High waters getting higher
High waters are getting higher around the swollen Missouri River from North Dakota to southern Iowa, causing residents to take action to protect life and property and farmers to start planning for a season with a lot of unplanted corn and soybean acres.
An above-normal snowpack in Montana is just starting to melt. Rain has been falling on the waterlogged soils of the Dakotas every few days. And the Missouri River reservoirs run by the Army Corps of Engineers are nearly full.
All that means there will be even more water headed your way if you farm along the Missouri River. "It's that increase that's catching farmers off guard," says North Dakota agriculture commissioner Doug Goehring.
“It will take about 60 days for the water to make it through the system,” says Aaron Krauter, State Executive Director for the Farm Service Agency in North Dakota.
From Fort Peck in Montana to the Gavins Point Dam at Yankton, South Dakota near Sioux City, the Corps will be forced to release record amounts of water by mid-June. According to a bulletin released by the Corps Thursday, All of the reservoirs except Fort Peck will be releasing 150,000 cubic feet per second (CFS) by June 15. That’s at least 2 times the previous records set in 1997 and 1975. Fort Peck will release 50,000 CFS, breaking the record at that dam of 35,000 CFS set in 1975.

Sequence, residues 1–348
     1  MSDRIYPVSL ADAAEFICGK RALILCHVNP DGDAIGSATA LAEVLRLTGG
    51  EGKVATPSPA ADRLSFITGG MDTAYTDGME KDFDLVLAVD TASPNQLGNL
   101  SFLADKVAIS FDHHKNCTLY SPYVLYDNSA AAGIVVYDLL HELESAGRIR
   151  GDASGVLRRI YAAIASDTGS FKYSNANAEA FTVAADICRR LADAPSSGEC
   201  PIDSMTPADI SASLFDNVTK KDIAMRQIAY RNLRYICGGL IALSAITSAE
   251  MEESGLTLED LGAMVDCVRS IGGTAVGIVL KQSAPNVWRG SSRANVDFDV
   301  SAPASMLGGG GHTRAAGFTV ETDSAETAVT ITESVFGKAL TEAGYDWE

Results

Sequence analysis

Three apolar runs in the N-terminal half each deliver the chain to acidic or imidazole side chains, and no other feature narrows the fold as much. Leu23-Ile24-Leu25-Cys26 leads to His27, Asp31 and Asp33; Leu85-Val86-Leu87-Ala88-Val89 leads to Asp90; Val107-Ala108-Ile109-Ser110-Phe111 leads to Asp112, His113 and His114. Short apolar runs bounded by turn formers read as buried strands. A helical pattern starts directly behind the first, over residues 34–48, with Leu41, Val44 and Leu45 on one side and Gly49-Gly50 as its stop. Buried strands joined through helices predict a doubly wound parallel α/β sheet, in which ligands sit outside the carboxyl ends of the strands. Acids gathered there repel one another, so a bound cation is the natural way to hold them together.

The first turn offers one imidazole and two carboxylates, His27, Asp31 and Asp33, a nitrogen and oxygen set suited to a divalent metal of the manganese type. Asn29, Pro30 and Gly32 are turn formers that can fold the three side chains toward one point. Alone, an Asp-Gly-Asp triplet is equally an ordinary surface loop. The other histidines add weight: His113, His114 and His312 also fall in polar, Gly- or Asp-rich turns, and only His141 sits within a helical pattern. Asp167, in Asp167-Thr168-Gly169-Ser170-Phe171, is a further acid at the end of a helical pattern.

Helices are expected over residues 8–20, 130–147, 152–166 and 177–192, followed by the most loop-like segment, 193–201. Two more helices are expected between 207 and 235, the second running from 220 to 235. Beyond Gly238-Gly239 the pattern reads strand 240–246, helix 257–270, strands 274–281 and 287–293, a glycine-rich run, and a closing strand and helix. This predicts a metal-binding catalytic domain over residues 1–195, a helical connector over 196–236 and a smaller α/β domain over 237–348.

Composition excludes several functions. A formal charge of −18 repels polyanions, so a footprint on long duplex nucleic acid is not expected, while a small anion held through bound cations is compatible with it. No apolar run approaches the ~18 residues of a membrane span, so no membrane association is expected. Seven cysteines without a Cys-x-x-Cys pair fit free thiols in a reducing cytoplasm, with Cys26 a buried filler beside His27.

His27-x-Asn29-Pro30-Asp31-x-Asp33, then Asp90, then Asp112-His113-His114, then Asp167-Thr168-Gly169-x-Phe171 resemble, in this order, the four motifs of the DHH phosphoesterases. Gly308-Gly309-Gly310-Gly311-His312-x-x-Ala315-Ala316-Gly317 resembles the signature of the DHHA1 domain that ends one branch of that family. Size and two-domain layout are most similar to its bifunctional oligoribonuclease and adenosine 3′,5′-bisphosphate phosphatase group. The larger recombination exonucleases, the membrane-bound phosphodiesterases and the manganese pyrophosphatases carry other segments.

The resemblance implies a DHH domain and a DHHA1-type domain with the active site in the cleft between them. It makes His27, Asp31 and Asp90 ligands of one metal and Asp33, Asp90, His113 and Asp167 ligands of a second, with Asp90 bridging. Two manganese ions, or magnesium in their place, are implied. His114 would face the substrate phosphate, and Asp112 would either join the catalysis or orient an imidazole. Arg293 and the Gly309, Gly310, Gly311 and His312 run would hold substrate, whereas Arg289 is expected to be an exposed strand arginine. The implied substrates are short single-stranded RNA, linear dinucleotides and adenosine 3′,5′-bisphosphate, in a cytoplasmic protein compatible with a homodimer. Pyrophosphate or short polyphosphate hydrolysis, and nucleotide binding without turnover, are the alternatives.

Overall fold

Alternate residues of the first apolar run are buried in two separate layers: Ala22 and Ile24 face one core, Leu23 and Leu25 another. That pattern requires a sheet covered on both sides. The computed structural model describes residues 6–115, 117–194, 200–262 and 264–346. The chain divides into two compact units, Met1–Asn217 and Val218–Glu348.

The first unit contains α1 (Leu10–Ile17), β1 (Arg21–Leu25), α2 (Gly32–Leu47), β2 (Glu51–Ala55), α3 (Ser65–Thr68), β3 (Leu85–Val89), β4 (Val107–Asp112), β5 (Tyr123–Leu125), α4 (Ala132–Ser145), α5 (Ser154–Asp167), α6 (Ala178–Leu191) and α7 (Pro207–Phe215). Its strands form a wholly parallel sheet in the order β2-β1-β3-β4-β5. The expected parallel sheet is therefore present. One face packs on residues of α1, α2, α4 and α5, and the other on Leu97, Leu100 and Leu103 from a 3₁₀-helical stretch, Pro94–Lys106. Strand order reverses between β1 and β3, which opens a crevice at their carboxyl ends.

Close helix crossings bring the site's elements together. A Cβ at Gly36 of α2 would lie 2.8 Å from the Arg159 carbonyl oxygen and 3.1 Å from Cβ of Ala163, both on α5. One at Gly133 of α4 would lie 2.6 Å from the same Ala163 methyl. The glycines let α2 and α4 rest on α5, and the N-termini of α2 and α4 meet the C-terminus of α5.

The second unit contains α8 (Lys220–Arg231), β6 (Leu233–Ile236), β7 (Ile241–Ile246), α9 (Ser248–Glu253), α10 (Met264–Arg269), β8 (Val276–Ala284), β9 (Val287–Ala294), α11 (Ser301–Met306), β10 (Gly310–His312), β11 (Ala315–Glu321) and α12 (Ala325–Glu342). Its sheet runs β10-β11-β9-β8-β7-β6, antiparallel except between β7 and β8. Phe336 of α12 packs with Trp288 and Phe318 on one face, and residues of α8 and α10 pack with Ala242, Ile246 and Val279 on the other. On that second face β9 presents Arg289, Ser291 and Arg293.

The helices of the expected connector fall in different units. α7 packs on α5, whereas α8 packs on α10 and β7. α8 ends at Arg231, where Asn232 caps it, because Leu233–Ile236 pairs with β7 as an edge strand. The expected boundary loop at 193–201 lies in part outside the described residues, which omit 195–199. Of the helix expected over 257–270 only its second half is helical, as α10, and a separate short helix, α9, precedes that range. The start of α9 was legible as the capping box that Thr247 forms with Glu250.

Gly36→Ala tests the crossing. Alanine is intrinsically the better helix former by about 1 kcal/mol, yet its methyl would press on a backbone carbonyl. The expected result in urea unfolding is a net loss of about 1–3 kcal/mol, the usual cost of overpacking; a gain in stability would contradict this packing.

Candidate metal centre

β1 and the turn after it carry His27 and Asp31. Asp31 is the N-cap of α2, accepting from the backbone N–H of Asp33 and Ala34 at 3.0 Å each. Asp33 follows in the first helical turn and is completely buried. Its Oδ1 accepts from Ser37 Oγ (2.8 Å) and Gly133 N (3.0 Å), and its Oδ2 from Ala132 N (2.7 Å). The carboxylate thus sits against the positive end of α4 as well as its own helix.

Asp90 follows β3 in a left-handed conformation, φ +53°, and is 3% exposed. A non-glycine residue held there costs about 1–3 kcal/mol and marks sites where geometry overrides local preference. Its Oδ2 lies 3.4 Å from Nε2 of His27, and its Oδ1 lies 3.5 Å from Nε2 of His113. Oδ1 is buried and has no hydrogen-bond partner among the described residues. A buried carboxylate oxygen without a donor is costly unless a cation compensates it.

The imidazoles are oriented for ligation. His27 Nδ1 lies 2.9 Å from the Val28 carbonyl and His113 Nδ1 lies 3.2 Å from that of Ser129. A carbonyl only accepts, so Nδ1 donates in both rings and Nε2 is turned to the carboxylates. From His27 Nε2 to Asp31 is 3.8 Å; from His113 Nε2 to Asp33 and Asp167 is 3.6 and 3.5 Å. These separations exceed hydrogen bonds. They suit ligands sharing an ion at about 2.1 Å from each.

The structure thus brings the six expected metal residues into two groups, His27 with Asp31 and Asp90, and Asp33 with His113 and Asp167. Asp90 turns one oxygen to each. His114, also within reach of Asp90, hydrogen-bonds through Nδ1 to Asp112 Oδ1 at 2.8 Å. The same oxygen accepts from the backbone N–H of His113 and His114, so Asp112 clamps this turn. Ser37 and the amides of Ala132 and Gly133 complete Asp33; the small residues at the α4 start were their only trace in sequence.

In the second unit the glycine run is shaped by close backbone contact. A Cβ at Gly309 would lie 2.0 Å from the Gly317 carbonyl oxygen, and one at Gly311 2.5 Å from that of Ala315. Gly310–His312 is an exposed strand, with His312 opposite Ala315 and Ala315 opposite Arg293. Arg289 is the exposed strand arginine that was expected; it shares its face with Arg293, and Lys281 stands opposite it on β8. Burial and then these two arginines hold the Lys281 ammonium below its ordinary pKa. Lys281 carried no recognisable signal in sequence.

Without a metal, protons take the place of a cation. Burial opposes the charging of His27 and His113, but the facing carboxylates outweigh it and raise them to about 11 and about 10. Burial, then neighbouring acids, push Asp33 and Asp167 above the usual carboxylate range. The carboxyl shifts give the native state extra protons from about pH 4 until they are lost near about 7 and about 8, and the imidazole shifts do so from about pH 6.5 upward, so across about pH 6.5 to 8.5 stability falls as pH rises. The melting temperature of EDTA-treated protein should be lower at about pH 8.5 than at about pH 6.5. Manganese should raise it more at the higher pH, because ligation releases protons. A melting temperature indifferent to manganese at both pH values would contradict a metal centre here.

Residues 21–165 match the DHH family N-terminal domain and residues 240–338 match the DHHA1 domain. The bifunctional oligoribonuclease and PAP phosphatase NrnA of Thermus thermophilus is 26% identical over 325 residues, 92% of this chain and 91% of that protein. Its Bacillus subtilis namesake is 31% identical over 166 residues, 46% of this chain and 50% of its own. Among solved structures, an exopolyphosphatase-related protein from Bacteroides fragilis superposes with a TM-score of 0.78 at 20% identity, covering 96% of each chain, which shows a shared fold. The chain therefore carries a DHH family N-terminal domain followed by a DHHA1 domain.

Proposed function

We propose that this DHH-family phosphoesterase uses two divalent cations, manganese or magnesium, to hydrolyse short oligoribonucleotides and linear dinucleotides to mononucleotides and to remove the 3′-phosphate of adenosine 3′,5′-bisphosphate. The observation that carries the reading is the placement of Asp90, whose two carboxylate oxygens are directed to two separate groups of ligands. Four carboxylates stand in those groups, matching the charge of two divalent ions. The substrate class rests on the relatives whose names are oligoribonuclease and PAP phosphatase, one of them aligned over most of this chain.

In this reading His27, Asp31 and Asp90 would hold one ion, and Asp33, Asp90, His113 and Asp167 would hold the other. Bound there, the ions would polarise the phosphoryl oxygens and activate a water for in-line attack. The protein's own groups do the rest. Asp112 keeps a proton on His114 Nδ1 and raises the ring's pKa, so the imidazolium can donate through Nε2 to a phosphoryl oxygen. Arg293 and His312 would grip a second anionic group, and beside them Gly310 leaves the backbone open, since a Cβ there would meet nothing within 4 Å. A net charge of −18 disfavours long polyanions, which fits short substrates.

“They’re backing up big time into Montana,” says Krauter.
But, it's not just the Missouri that's swelling into nearby fields and towns. The Souris River Basin of North Dakota, like the Missouri, entered the winter with a full soil profile with potholes full of water. Snowfall amounts doubled this winter. And all of that was followed by numerous major rain events. "For all of those reasons, our soils are extremely wet," says Mike Rose, an Extension Agent for North Dakota State University.
Now, that's turning a lot of adjacent countryside into temporary reservoirs, according to Brett Miller with North Dakota National Guard Visual Information. And Rose says farmers along the Souris River are getting washed out.
"We have about 20% to 25% of this year's crops planted here in north-central North Dakota," Rose said Friday. "I'm currently at a sandbagging station trying to protect the city of Minot, North Dakota. As you go north and west of here, the flooding gets worse."
In all, over 600,000 acres of durum wheat, spring wheat, canola, flax, corn, and barley will not get planted, Rose says.
"Tens of thousands of corn acres will be impacted, and this is corn that averages between 120 and 200 bushels per acre," says Goehring, who adds he has farm ground south of Bismark that he can't access. "I'm feeling [farmers'] pain personally. I feel bad for the farmers who have already planted and already have high-cost inputs involved."